Monday, May 9, 2016

Solo parenting on a holiday

  With my big girl at the end of the day. (Matilda, knowing that I really wanted a picture of the three of us, refused to be in the photo.)

I can finally say, after nearly two years into residency, I have figured out how to enjoy a holiday even when I'm (temporarily) solo parenting. Mother's Day 2016 = success!

Let's get a few basics out of the way: 1) it's not easy. 2) other solo parents have to deal with more difficult situations. 3) I'm lucky, no matter which way you look at it, but my troubles are real to me, even if they're #firstworldproblems.

I've spent a lot of holidays over the past couple years without Hans, and I know I'll be spending many many more without him as well. It's a fact of his job and we choose to live far away from family. So I've been experimenting with, shall we say, coping strategies.

Coping strategy #1, the easiest: ignore it. Just pretend that the third Thursday in November is just like any other Thursday and, "come on girls, let's go to the park." Except...the park is filled with happy, extended families getting some exercise in before they tuck in to the big meal. And I feel like the biggest loser.

Coping strategy #2, avoid social media. Oh believe me, I've logged on to facebook on Christmas morning and seen lots of photos of kids dressed in cute Christmas pjs, digging into their stockings while adult family members coddle a cup of coffee and oversize cinnamon bun. Cue the tears. Avoiding social media seems like a no-brainer. But facebook is one of my communities. It's a major way I connect with friends and family around the world and I belong to groups that provide support and humor on a daily basis. Call me addicted, but I need my social media.

Coping strategy #3, pretend that Hans isn't working. Continue going through all the motions of the holiday - the decorations, the festivity, the food - and my other half will be around for about 10% of it. At the end of the day(s) I'm exhausted and don't feel festive but just annoyed that I did a lot of holiday work and no one was around to appreciate it.

Three strategies, three backfires. Yesterday, however, I did it right. Woohoo!

*****Coping strategy #4, make it my own. *******
Typical Mother's Day stuff that I've done, by myself with kids, that have felt hollow and lonely: church, brunch, mimosas. This year I planned in advance, talked with Hans about what I wanted, and connected with my local community. I had such a great day. Freja was thrilled that it was mother's day. The girls love holidays and special events and were excited that it wasn't just a regular day, but it was "mamma's special day." Hans and I put out a special breakfast for the girls the night before so I didn't have to jump out of bed to make them breakfast; I put out some art supplies for Freja because she wanted to decorate before I got out of bed; Freja let me go first when we played games together; Matilda kept hugging and kissing me and saying "Happy mother's day." They were as sweet as ever, even though Matilda did push my buttons from time to time. (She is only 3, after all.)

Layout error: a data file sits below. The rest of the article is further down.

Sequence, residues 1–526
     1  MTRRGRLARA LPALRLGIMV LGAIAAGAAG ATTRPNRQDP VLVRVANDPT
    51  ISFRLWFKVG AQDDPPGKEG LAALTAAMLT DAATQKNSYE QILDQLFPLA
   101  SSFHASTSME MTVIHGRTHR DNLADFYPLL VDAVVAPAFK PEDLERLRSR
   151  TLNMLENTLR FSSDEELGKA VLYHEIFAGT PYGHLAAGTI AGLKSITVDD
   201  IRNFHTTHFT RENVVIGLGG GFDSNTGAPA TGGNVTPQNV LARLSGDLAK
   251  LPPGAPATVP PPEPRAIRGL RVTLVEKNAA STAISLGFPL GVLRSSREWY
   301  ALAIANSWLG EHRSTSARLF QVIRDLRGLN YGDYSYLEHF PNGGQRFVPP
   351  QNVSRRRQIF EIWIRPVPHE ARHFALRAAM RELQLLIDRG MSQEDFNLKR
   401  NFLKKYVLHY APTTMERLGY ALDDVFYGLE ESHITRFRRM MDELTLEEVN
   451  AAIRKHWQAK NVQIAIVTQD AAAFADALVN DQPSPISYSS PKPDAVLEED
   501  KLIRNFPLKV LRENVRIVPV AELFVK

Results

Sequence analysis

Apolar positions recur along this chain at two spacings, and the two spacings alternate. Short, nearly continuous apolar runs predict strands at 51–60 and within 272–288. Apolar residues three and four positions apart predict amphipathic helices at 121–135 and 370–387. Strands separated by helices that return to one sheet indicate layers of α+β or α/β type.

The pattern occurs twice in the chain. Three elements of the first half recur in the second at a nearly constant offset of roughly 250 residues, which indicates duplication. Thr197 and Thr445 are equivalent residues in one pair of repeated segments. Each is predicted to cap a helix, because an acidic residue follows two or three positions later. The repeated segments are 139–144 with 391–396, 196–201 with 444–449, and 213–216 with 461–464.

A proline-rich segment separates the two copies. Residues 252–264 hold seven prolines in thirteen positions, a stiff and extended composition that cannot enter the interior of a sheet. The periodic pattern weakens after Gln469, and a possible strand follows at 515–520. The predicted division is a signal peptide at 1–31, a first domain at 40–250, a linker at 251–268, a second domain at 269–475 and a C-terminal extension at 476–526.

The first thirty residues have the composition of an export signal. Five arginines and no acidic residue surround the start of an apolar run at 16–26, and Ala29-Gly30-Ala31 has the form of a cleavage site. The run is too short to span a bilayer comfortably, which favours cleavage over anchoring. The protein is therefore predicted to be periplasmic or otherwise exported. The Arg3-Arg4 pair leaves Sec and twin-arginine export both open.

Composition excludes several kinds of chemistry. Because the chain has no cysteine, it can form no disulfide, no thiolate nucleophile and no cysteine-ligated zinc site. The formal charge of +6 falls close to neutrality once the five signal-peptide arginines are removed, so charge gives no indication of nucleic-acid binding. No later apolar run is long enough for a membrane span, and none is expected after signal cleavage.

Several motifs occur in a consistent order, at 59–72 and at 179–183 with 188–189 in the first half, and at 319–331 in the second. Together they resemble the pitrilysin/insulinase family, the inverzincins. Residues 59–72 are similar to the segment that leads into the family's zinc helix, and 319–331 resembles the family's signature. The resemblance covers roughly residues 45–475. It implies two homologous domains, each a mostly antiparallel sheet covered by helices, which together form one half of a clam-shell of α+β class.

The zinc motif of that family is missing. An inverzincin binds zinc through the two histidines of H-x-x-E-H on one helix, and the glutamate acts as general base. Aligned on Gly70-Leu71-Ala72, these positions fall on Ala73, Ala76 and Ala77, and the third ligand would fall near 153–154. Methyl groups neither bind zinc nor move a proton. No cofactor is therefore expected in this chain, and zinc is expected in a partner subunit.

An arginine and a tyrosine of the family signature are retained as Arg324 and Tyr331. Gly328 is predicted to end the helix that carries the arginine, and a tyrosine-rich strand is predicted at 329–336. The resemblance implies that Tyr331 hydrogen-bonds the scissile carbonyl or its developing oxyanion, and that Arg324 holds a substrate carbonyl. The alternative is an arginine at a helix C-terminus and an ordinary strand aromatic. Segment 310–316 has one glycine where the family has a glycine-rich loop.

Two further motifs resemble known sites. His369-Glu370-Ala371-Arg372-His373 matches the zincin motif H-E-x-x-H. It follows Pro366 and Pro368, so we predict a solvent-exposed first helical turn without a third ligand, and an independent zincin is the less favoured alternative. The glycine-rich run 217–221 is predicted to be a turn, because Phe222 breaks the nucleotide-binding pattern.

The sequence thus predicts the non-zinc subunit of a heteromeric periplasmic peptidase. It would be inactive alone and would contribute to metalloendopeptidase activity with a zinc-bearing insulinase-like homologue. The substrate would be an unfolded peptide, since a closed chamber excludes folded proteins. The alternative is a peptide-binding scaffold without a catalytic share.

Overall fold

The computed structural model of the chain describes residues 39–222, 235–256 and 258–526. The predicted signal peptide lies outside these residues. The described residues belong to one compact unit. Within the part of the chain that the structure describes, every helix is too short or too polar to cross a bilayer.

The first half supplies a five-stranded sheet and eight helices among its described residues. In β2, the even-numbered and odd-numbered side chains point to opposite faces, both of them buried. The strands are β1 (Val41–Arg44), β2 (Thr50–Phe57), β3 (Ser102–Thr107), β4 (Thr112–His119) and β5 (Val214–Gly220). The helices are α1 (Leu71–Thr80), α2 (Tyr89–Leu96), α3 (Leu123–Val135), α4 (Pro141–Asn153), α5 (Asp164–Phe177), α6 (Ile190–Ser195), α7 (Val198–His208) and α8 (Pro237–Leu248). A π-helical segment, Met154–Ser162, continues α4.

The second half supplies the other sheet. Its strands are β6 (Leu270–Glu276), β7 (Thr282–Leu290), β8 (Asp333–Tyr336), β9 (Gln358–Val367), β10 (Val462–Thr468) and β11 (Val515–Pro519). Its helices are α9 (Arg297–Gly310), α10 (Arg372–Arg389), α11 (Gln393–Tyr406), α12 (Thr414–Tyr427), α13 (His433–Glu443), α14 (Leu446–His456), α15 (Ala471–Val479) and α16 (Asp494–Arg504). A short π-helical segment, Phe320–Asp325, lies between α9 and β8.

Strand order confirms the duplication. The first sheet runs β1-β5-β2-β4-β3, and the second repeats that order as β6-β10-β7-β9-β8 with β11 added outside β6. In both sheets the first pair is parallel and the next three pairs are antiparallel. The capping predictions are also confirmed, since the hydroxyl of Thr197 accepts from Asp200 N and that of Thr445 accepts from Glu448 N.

Morning dance party (Taylor Swift, Adele, Meghan Trainer, Shut up and Dance, Frozen - of course) while I drank coffee and read a book on the back deck.

A week beforehand I checked the calendar and realized I'd be alone all day, so I checked in with some friends. Sure enough, there were a couple others whose husbands were working all day so we made plans. A friend came over with her boy for pool time and lunch. It was fun and relaxing. Later in the day another friend found a "free meal for moms" deal at a Mexican restaurant so we met up with the kiddos and had a fun meal where someone else cooked and did the dishes. Please and thank you! And Hans, knowing that I do love mother's day, even though it can be viewed as a Hallmark holiday, came home with flowers, chocolates, and a bottle of champagne.

Three goofballs eating hamburger buns with forks.

 I was surrounded by so much love from that I truly felt lucky and happy and didn't want to be anywhere else. A spa day would have been nice (duh), but on mother's day I was so happy to be with my girls and be a mom.
It's Monday morning and we're back in the usual routine - kids at school, I'm doing laundry, and Hans is fishing before work. Now that I finally have figured out how to do holidays right, I can enjoy them for what they are: a break in the monotony to take a minute to appreciate what we have, relax, and have fun for a day. No responsibilities, just living. 

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